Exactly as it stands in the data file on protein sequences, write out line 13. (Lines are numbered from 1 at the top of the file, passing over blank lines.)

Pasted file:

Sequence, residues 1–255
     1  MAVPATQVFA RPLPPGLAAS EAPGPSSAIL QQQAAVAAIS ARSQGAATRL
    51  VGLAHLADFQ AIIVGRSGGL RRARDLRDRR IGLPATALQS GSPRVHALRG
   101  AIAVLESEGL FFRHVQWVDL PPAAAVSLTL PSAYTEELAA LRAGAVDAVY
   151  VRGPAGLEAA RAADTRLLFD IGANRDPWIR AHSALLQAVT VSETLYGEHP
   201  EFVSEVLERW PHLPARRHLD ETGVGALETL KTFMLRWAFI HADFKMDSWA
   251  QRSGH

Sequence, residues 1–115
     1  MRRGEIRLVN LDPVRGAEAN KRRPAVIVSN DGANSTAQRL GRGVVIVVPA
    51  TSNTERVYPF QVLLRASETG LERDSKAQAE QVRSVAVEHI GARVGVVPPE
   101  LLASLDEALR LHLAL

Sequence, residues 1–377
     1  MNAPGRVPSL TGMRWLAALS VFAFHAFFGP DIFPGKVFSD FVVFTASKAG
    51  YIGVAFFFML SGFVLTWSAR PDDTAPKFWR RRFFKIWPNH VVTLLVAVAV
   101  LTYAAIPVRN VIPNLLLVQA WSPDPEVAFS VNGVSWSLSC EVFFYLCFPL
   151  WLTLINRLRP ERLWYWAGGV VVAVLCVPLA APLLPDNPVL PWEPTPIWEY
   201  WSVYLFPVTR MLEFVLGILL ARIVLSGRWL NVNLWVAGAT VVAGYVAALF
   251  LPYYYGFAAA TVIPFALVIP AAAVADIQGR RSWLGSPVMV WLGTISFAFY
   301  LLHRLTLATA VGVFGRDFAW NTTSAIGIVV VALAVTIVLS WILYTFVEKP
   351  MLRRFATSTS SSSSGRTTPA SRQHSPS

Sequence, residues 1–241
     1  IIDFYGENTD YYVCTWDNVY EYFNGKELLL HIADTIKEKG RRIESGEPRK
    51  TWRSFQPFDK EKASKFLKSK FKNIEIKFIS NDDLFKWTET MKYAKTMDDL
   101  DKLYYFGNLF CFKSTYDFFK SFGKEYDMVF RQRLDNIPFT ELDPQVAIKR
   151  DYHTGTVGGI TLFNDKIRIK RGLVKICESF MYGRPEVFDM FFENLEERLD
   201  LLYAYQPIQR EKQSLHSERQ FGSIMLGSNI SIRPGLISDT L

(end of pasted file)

     1  MNAPGRVPSL TGMRWLAALS VFAFHAFFGP DIFPGKVFSD FVVFTASKAG